Giant Penis Appears On English Hillside Overnight Because Of Course It Has

Of course. @caljstephenson via Twitter

Once upon a time, long ago, humanity became aware of penises, their use for making additional humans, and their omnipresence. Perhaps because they were easier to draw than other vital reproductive organs, or maybe it’s just because they look exceedingly ridiculous, motifs appeared in sketches, etches, paintings, mosaics and so on – and thus the eternal tradition of drawing penises began.

Perhaps, of course, it's all a consequence of male-led societies.

Whatever the reason, they are, unfortunately, now everywhere. One particularly pointed example was that of the colossal penis dug out of a dry lake bed in Australia, which could technically be seen from space – with a good zoom-and-enhance style bit of magic, courtesy of Google Earth, anyway. It seems that, for millennia, humans cannot resist plastering these titanic members all over the place.

The latest example comes courtesy of the UK, which is one of several countries home to a massive, ancient man with an uncomfortably erect penis on a hillside somewhere. As was once pointed out, every year, people have to mow the grass around the giant cliff penis, and no-one seems to think twice.

This new addition to the penis pantheon appeared as part of the Tour of Britain, a huge cycling event. It wasn’t an official action, by the way, but the work of some pranksters, who managed to change a rather large bike mural on another viridian cliff into a penis.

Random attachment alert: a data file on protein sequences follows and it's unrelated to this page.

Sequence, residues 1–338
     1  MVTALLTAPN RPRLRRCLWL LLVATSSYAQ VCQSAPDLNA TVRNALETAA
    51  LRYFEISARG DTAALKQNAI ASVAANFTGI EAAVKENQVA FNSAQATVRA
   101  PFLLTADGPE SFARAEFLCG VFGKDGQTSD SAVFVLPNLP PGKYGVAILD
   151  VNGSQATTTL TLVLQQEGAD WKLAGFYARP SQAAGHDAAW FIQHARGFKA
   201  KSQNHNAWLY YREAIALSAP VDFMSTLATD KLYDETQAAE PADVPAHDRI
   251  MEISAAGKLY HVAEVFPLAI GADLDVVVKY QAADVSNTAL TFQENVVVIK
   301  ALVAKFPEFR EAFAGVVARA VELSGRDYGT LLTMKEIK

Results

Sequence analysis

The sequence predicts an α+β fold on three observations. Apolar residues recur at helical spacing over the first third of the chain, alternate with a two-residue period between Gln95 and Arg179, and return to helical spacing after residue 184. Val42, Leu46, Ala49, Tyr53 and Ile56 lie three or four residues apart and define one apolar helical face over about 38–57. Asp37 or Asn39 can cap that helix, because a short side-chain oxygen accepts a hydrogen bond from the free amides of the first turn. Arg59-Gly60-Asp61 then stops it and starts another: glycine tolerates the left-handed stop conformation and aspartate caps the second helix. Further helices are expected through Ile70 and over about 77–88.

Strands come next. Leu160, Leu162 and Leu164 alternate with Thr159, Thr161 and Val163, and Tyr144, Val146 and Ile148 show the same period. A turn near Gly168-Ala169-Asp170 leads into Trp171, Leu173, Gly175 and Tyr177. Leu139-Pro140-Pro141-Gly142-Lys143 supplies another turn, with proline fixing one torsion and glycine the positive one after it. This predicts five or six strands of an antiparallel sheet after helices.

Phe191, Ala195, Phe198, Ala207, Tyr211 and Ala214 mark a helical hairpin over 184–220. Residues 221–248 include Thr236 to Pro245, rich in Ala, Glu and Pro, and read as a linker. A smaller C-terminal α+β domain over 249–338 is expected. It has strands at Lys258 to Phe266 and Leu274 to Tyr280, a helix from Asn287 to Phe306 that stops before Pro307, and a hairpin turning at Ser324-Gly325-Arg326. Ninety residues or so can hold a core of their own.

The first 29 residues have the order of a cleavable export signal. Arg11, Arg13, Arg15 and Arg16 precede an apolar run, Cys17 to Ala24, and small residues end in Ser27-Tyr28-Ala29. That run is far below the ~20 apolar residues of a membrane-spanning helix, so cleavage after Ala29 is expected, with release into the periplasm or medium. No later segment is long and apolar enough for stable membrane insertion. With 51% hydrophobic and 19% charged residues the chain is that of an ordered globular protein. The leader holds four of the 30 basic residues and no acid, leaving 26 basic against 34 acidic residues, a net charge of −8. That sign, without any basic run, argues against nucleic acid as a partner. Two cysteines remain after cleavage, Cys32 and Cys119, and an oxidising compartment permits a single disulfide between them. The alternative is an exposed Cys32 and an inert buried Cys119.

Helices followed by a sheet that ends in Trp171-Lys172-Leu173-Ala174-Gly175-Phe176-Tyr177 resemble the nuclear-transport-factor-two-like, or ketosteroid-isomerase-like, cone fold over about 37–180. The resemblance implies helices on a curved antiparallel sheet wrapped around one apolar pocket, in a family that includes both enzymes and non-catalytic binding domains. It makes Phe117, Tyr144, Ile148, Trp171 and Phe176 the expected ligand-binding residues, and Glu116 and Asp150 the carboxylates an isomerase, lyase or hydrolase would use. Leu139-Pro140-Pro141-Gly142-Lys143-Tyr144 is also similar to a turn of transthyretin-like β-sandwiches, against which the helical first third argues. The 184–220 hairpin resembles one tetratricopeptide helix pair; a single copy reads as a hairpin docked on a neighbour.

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Per BBC News, the man rocket is adorning a cliff in Ilfracombe, Devon, where part of the prolonged cycling race is taking place. It popped up on Tuesday of this very week, and seems to have defiled what was an attempt at environmentalism: a local group of eco-thoughtful humans made the original bike out of reclaimed plastic and cardboard.

Project co-ordinator Seth Conway told reports that, despite the “rude awakening,” the sudden penis has “created quite a bit of a buzz, and it’s shone a bit more attention on to what the bike was there for.” Only time will tell if this becomes a story about environmental values or one that’s all about what the locals would refer to as a weird willy.

Is there, perchance, a moral to this modern-day parable? You could confidently say that where there is an opportunity to graffiti, there will be a penis – but that’s more of a mantra than a moral.

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What is also certainly true is that, from the Cerne Abbas Giant chalk pole in Dorset to the Nether-Regions Bike in Devon, those living on that royal throne of kings, that sceptered isle, that earth of majestry, that seat of Mars, that other Eden and demi-paradise are partial to a penis on a cliff.

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